Thursday, September 19, 2013

The Monkey King literature (video)

Stephan David, CC Liu, Wisdom Quarterly; A.C. Yu, "Journey to the West" (Hsi Yu Chi)

The story of Monkey was written hundreds of years ago, sometime in the middle of the sixteenth century, by a Chinese author and satirist, based on an ancient Chinese legend called "The Monkey King." 
Its original name was Hsi Yu Chi ("Record of the Journey to the West," Saiyuki or Suy Yuw Gey in Japanese). The full story is enormous, comparable in size to the Bible. There are various English translations, both full-length and abridged. Full-length versions are usually translated as "Journey to the West," while abridged versions usually have "Monkey King" or at least "Monkey" in the title.

(Col. Angus) Episode 1: The Monkey King, Zhang Jizhong

Monkey King
The novel is a fictionalized account of the legendary pilgrimage to the "holy land," India, by the Buddhist monk Xuanzang. It is loosely based on source material from the historic text Great Tang Records on the Western Regions and traditional folk tales. The monk traveled to the "Western Regions" during the Tang Dynasty, to obtain sacred texts (sūtras). Guanyin (Kwan Yin Bodhisattva), on instruction from the Buddha Amitabha, gives this task to the monk and his three protectors in the form of disciples -- namely Sun Wukong, Zhu Bajie, and Sha Wujing -- together with a dragon (naga) prince who acts as Xuanzang's steed, a white horse. These four characters have agreed to help Xuanzang as atonement for past unskillful karma. More
What is the Monkey King literature?
The Monkey (abridged version)
Anthony C. Yu’s translation of The Journey to the West, initially published in 1983, introduced English-speaking audiences to the classic Chinese novel in its entirety for the first time.

Written in the sixteenth century, The Journey to the West tells the story of the14-year pilgrimage of the Buddhist monk Xuanzang, one of China’s most famous spiritual heroes, and his three supernatural disciples, in search of Buddhist scriptures.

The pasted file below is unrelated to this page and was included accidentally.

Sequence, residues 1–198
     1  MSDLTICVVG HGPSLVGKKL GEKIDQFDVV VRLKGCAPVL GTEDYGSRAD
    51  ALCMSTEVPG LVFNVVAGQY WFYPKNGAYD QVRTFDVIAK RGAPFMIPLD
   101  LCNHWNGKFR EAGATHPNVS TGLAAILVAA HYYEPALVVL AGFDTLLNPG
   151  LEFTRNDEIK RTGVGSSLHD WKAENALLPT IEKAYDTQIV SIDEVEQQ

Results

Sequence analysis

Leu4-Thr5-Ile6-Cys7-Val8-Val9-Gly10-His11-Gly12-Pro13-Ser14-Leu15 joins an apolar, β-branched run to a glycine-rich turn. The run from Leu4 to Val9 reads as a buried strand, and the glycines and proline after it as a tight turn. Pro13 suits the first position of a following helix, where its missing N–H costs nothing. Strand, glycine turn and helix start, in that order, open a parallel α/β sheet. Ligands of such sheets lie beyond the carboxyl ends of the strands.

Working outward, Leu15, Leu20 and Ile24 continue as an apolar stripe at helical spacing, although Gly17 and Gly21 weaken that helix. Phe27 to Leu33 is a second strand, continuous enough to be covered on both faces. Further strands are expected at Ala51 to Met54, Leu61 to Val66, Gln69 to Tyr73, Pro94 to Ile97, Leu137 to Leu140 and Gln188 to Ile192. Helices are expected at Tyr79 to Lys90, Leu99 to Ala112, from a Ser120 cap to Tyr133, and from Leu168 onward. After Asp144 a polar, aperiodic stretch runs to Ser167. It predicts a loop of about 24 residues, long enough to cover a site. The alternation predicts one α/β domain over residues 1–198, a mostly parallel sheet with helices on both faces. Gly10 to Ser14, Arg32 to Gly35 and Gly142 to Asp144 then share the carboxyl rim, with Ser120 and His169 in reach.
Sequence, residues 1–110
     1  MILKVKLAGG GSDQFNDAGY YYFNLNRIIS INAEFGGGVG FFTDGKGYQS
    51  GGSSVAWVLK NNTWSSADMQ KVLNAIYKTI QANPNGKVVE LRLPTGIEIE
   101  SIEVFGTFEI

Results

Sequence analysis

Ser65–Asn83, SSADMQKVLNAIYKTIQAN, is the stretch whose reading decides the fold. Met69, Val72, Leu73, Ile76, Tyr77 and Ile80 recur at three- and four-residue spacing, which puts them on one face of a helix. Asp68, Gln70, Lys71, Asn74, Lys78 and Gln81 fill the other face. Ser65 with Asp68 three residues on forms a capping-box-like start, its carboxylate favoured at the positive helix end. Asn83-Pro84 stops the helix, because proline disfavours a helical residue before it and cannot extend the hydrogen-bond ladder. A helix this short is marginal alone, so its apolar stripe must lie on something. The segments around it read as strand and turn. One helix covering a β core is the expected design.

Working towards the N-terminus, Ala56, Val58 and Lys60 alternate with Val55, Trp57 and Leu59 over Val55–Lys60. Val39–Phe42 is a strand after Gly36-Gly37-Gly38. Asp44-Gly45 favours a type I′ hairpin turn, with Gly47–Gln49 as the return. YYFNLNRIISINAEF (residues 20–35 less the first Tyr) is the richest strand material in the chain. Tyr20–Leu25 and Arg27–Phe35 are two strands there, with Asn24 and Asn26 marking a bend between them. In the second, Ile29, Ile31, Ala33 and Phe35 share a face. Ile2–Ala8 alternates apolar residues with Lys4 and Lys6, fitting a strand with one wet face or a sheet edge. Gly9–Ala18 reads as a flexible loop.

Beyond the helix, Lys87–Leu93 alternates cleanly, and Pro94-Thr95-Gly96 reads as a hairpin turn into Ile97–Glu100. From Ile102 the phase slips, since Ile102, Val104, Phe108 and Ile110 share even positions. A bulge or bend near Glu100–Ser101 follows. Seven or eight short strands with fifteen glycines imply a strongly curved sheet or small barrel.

Throughout his journey, Xuanzang fights "demons" (yakkhas, asuras) who wish to eat him, communes with spirits (devas, pretas), and traverses a land riddled with a multitude of obstacles, both real and fantastical. An adventure rich with danger and excitement, this seminal work of the Chinese literary canon is by turns allegory, satire, and fantasy.
With over a 100 chapters written in both prose and poetry, The Journey to the West has always been a complicated and difficult text to render in English while preserving the lyricism of its language and the content of its plot. 
But Yu has successfully taken on the task, and in this new edition he has made his translations even more accurate and accessible. The explanatory notes are updated and augmented, and Yu has added new material to his introduction, based on his original research as well as on the newest literary criticism and scholarship on Chinese religious traditions. He has also modernized the transliterations included in each volume, using the now-standard Hanyu Pinyin romanization system. 

Perhaps most important, Yu has made changes to the translation itself in order to make it as precise as possible. One of the great works of Chinese literature, The Journey to the West is not only invaluable to scholars of Eastern religion and literature, but in Yu’s elegant rendering, it is also a delight for any reader.
  • "Journey To The West" (Univ. of Chicago Press), Anthony C. Yu [4 volumes].
  • [new] Revised Edition (2013) [new]
  • On 21 December 2012, a revised edition of the four volumes of "Journey To The West" was published by Univ. of Chicago Press.
  • On February 15, 2013 they were published in the UK, and on April 5, 2013, the Kindle editions were released.

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